And another artefact puts in an appearance! In cleaning off (197), Tom has found a broken end scraper on a broad blade. It’s quite badly damaged except at the working end (it has evidently snapped during use) and I am less certain that it is in its primary context of deposition, as we know the inner ditch fills to be Late Neolithic in date and I am not convinced that we should expect scrapers on blades after the Middle Neolithic (if you know otherwise, do let me know!).

Ursula and Paul E have confirmed that the looser chalk (200) does indeed overlie (213): more evidence that this cannot be a burial mound, as mounds are built from the centre outwards, not the outside inwards. It also overlies what is either a fill of the inner ditch (unlikely) or a pre-henge topsoil. As this is the material visible under the plough rut fill (308), I am inclined to prefer the latter option.

It’s a pity that we have been rather short of people today: it has meant that we have been unable to make progress with the site plan. Progress today has been steady rather than spectacular, as we are fairly low on numbers, and I had been worrying that we wouldn’t achieve everything I had hoped from this season’s work (apart from a hand dug section across the outer ditch, which has been the priority since we started this year). Next week, we will have more people on site than this week, so we will no doubt make much better progress. We have actually made significant discoveries today without shifting a great deal of soil!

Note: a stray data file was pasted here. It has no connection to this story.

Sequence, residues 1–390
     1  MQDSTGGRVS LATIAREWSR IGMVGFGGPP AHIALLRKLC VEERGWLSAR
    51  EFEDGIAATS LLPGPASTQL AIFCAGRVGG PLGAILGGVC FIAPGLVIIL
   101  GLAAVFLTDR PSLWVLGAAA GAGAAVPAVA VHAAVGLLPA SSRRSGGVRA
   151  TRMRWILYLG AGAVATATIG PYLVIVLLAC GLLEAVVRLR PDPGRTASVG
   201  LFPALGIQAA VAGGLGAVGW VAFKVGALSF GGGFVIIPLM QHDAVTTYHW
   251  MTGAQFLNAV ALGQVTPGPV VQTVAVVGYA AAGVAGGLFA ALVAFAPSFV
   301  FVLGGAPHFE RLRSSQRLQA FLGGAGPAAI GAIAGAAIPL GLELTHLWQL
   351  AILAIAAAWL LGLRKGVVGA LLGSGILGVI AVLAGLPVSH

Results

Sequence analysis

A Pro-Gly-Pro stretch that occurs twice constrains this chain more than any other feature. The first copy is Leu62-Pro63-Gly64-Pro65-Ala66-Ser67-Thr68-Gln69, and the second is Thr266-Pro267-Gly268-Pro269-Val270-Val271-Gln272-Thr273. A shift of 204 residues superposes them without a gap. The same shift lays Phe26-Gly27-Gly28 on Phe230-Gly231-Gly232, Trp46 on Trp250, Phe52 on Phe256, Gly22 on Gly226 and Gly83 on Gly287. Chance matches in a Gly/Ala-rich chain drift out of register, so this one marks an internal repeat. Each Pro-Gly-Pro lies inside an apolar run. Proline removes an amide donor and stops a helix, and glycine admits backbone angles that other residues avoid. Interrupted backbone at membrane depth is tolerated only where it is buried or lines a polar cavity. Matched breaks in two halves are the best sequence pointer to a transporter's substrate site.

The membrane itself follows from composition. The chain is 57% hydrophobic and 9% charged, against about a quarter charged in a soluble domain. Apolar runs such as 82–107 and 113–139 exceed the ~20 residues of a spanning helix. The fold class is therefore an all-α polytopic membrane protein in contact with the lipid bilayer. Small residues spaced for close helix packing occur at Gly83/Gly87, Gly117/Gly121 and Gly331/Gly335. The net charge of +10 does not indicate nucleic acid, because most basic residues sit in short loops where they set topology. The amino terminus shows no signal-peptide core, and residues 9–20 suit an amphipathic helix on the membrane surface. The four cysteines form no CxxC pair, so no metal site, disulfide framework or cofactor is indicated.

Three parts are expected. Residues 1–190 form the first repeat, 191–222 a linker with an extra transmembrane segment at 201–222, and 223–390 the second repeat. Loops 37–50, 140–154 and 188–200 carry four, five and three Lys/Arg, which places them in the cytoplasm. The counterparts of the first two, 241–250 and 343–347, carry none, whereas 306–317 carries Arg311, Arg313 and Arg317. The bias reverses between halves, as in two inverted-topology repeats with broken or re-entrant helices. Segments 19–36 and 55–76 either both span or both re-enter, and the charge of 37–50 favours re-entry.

About Keith Fitzpatrick-Matthews

I'm the Museum Curator and Heritage Access Officer for North Hertfordshire Museum. I was born and brought up in Letchworth Garden City, so I have a life-long connection with the area.

Posted on 2 August 2013, in Fieldwork, Stapleton's Field Dig 2013. Bookmark the permalink. Leave a comment.